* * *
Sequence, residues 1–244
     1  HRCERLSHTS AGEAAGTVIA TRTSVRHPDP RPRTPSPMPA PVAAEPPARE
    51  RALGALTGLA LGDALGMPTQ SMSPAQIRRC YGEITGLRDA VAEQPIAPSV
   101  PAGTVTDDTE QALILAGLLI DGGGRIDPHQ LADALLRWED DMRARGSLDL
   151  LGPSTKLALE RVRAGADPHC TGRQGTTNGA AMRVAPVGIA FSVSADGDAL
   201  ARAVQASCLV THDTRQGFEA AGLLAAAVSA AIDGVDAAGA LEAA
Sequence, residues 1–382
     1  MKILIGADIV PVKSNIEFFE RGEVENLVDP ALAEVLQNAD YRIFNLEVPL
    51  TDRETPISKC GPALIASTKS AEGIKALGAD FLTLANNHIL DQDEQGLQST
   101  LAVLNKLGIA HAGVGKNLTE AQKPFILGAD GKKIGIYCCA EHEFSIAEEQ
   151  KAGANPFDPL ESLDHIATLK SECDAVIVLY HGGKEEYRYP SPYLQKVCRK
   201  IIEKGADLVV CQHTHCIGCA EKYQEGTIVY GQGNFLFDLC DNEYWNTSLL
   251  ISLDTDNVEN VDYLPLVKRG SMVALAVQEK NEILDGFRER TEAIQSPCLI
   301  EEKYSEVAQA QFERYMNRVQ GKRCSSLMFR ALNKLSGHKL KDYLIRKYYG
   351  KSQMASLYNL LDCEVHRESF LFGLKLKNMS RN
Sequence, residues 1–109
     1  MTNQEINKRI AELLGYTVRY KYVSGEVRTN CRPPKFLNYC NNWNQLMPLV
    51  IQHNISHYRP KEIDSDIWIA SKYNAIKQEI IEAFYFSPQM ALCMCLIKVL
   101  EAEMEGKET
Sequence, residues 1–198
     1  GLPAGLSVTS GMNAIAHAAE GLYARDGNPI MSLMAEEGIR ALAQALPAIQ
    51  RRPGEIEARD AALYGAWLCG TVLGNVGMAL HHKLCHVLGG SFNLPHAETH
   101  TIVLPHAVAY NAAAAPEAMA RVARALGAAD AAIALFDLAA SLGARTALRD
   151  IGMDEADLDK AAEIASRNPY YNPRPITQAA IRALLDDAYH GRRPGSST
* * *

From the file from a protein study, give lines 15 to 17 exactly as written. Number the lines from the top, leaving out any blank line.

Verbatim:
   351  KSQMASLYNL LDCEVHRESF LFGLKLKNMS RN
Sequence, residues 1–109
     1  MTNQEINKRI AELLGYTVRY KYVSGEVRTN CRPPKFLNYC NNWNQLMPLV